Rother smiled. He found Kane’s confusion comforting.
CHAPTER 20 : The Rob1ns
“Your Rob1ns are ready.”
Elfin looked up and saw Gregor Challis standing a few feet in front of em, head bowed down and his huge eyes closed. In his outstretched right hand were two Rob1ns.
“At last,” sighed Elfin. “It seems to have been an eternity…” There was no-one in the Great Hall other than Elfin and Challis, and eir voice echoed across its spacious vaulted chamber.
Challis raised his head and opened his eyes so that he was staring directly at Elfin’s lips. “This is a most auspicious day for Nanovit. Your Rob1ns are the heralds of a new dawn.”
Elfin extended a slender arm and pointed a long fingernail at eir Chief Science Enabler. Slowly, she turned eir hand over, opened it wide and beckoned with eir fingernail. “Here,” ey said.
Challis stepped forward and gently placed both Rob1ns onto Elfin’s outstretched palm. Ey raised them up to her face and examined them in detail. “Exquisite,” ey said. “All else is in readiness?”
“Everything,” confirmed Challis. “I have, just moments ago, allocated the control functions to your lower right neck implant. One double tap will initiate the Rob1ns, one downward swipe will recall them to your hand.”
Elfin nodded. Ey could feel eirself trembling with excitement and anticipation but resisted the temptation to set them off immediately. Instead, ey stared down at the tiny artificial birds, and thought back to eir childhood, when everything had seemed simpler.
In eir mind’s eye Elfin could see that perfectly clear day when eir mother had come to the back door of their small town family home. Ey felt ey could hear her mother’s voice as she looked out into the garden and said, “Look, Elfin, the robins are flying in and out of the shed. They must be building a nest in there, don’t you think?”
It seemed to Elfin that the sun had shone throughout that entire summer during which ey grew to love those two little robins. Ey watched the female flying over the high wall in and out of the garden, carrying dead leaves, moss, strands of hair and occasional small white feathers. “We mustn’t go into the shed,” eir mother had said. “If we disturb them, they might abandon the nest.”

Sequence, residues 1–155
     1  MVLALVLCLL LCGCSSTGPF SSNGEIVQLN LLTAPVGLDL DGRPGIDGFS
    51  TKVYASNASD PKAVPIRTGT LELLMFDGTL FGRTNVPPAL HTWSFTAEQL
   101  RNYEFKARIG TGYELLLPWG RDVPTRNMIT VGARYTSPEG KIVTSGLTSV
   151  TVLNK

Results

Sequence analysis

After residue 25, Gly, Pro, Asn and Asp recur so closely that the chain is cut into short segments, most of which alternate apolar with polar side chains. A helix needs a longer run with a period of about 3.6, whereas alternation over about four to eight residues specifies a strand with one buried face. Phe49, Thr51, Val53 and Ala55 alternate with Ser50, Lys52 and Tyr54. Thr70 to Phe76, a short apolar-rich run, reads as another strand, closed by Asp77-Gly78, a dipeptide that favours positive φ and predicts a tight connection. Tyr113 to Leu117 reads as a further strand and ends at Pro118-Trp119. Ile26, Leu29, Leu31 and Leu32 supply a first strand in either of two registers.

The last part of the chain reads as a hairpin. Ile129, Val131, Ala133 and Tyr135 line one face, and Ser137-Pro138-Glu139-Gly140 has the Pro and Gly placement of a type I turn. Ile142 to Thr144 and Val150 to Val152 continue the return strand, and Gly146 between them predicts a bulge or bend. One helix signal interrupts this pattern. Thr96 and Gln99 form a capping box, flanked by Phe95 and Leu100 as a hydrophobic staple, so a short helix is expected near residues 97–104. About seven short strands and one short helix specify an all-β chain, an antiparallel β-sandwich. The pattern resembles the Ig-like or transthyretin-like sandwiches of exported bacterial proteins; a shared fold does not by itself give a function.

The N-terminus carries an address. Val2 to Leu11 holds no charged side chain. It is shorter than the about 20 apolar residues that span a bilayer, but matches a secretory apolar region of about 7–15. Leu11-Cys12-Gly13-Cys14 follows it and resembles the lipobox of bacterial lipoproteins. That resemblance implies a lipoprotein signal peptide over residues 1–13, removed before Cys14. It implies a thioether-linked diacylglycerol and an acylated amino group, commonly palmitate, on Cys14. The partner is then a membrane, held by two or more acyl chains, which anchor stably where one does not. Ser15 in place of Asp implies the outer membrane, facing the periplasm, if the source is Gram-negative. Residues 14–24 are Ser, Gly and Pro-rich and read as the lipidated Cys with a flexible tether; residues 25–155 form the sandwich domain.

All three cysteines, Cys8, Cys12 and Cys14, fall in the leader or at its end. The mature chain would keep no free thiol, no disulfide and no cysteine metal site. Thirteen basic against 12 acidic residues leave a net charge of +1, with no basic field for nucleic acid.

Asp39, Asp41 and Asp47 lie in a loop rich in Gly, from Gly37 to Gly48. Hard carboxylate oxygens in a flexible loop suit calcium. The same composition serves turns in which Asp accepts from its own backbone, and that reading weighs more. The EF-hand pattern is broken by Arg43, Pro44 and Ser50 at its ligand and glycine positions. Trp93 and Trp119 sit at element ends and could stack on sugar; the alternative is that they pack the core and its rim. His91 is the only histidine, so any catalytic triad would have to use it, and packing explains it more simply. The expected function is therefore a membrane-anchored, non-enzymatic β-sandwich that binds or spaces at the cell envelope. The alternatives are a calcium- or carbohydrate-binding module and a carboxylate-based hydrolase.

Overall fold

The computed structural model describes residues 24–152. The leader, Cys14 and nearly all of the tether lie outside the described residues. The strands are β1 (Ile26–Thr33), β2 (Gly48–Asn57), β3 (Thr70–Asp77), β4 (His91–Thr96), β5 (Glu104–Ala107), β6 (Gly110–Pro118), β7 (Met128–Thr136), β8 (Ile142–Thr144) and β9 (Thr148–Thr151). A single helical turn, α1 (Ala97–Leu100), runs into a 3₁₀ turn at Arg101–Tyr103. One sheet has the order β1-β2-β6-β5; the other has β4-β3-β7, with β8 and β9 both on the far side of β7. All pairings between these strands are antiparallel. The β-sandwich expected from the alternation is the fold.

The family Siamese, Siam, had to be kept indoors for days on end, during which Elfin would sit out in the shade of the Japanese Maple tree at the bottom of the garden watching the birds come and go. Every morning, ey would put out food for them and as the summer wore on, ey felt they were coming to trust em more and more.
Ey longed to peep into the shed but eir mother kept a watchful eye on eir. “Surely,” Elfin thought, “they know me so well. They trust me. They wouldn’t mind….”
It was on a hot day with the sun at its height, not one cloud in the sky, that mother had to pop out to the shops briefly. “Be a good girl,” she admonished Elfin. “You can watch them, but don’t go near the shed.”
Inevitably, Elfin had been drawn into the shed by the irresistible lure of eir infatuation with those little birds. Ey had immediately seen where the nest was, its location betrayed by nesting materials protruding from an ancient, rusting kettle high up on a shelf. Despite eirself, ey reached up and took one white feather which ey could cherish as a keepsake. The robins set up such a fuss that ey retreated immediately, back out into the garden.
From that day on, ey had never seen her darling robins again.
“Will you activate them now?” inquired Challis. “If you do so, you will also, of course, be priming the entire…”
Elfin snapped out of eir daydream, and refocused eir gaze on the Rob1ns in the palm of eir hand. “I do not need to be reminded,” ey told him. “Has the nesting material been put out?”